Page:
One thing I noticed that I found fascinating... My little vole garden from last year is a small patch on a south facing slope. The entire slope is still snow covered, except my garden spot where I had heavily mulched. It is all thawed out and the soil is warming up. Next year, I plan to have a little hoop-house cold frame, I think I could get a 6 week head start by mulching in the fall and planting under protection in the early spring.

So, merry or contrary, how does your garden grow?

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Toxic

This is true, when I made my deep beds out of them I used a liner to make them hold water. I'm using them in the green house as lumber supporting the grow beds so they won't be in any contact with grow media or water. I did like this idea till you reminded me of the crap they soak these things in to preserve them. I have came across some that appear to be untreated, usually is the lighter weight softwood pine type pallets. They probably figure they aren't going to last long enough to treat.

The bold effort the present bank had made to control the government ... are but premonitions of the fate that await the American people should they be deluded into a perpetuation of this institution or the establishment of another like it-Andrew Jackson

Thats pretty

slick, I broke some pallets down and built some raised beds out of them, but for a shallow bed that's an easy method that doesn't look bad either.

The bold effort the present bank had made to control the government ... are but premonitions of the fate that await the American people should they be deluded into a perpetuation of this institution or the establishment of another like it-Andrew Jackson

The only thing growing on my balcony...

...is a pile of pigeon poo.

Time for the ol' spring cleaning.

I'm doing a key hole garden this year

It's too hot here in Texas to go out and weed every day. I'm almost finished with filling it. Then only add soil. I've already started my tomato seeds.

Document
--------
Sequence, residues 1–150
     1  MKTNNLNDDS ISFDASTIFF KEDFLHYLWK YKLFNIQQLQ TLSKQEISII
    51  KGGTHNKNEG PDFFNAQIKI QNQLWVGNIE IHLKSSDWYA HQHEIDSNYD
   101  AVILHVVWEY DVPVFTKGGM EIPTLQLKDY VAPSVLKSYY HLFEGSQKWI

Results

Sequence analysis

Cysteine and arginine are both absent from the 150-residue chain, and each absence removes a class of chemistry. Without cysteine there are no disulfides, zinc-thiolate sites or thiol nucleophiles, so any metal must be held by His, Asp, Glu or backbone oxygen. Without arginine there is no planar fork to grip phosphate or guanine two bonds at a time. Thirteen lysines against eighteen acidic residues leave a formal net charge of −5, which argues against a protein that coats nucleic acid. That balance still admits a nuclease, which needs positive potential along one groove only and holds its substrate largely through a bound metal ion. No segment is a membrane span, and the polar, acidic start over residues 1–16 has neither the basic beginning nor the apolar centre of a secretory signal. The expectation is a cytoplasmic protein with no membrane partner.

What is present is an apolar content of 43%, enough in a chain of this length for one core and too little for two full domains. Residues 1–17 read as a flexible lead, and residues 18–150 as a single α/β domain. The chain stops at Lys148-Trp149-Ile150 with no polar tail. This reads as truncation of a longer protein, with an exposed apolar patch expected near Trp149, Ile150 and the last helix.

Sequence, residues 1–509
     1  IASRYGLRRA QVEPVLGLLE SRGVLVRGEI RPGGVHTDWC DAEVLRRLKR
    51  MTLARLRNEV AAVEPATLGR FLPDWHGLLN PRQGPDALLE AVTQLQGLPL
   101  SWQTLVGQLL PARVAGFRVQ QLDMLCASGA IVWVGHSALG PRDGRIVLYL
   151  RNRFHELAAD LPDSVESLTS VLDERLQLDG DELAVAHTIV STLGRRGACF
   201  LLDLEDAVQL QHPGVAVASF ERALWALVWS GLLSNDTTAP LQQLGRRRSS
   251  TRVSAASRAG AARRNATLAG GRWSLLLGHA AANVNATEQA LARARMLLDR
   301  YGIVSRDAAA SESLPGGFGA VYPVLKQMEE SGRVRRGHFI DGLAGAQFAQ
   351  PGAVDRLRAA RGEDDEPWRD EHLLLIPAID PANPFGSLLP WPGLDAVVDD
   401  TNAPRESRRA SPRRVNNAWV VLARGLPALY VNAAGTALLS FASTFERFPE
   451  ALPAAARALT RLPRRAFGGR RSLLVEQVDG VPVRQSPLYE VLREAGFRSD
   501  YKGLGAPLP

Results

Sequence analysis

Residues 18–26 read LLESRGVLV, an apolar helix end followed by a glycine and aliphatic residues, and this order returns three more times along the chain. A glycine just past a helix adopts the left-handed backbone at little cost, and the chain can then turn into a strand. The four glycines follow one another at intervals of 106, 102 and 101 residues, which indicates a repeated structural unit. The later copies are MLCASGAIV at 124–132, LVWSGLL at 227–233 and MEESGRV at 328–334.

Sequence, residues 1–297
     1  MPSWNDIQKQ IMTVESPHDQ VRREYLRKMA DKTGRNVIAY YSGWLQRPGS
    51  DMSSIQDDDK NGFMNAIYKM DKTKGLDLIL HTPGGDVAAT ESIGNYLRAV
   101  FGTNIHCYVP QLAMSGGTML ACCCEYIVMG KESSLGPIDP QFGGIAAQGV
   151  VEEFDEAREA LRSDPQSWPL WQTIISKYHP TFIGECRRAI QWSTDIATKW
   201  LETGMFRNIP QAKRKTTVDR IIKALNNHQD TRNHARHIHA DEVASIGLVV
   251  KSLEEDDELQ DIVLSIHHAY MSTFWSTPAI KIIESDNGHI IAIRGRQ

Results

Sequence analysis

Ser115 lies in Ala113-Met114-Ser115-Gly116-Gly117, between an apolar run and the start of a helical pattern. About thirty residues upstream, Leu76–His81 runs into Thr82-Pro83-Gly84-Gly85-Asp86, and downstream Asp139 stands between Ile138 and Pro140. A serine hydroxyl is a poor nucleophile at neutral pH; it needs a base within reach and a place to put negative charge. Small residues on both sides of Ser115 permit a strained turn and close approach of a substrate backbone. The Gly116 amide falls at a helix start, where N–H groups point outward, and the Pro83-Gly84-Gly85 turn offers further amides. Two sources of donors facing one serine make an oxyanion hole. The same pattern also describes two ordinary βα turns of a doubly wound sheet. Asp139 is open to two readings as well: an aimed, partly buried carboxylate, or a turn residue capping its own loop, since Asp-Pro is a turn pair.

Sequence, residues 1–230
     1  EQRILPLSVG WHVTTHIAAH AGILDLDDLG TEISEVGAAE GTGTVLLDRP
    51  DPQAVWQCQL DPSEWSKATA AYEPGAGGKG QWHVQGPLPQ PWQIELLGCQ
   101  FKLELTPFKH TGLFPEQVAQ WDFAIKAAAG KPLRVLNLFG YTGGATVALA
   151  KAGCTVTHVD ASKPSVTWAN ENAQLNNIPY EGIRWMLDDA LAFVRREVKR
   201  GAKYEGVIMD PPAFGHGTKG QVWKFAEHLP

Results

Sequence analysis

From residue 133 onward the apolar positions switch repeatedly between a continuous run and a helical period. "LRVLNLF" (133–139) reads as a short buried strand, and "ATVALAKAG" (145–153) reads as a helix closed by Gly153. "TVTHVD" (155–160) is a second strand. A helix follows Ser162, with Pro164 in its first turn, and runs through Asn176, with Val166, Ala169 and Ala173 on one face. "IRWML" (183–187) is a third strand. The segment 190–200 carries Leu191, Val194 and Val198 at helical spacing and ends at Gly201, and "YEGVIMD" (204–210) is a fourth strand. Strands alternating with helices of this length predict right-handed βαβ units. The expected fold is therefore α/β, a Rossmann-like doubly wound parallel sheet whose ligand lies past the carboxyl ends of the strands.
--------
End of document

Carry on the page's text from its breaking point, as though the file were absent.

http://www.texascooppower.com/texas-stories/nature-outdoors/...

I'm still knee deep

in last year's over 700 lb winter squash harvest, and it's almost time to start this year's plants indoors.

They are a big part of our plan

We are going to try to create microclimates to grow things that are not supposed to be hardy in our area, and Hugelkultur is one of the tricks up our sleeve.

Love or fear? Chose again with every breath.

BMWJIM's picture

Things are going great!

Already eating cucumbers,romaine and tomatoes planted in greenhouse back in October. Tomato seedlings now 5-6 inches tall (100) four varieties. 165 pepper plants. Everything from sweet bells to bhut jaloki ghost peppers(1,000,000 scoville units). Squash, Artichokes, Iraqi eggplants, special yellow strawberries. All ready for transplant. One raised bed of regular strawberries.

Will start tilling the garden Saturday and planting when the pecan trees start to bud. Will directly sow Corn, Butterbeans, cucumbers, watermelons, field peas, green beans. I will also be planting marigolds among the veggies to help draw the bees and repel certain bugs.

In addition Susan had me help her start over 4000 flowers in the green house. They will be ready for planting shortly also.

I spend many an evening reading good gardening books in the greenhouse. Something about the soothing smells and silence. It is as close to total serinity a person can experience.

Jim

1976-1982 USMC, Having my hands in the soil keeps me from soiling my hands on useless politicians.

I want to see a picture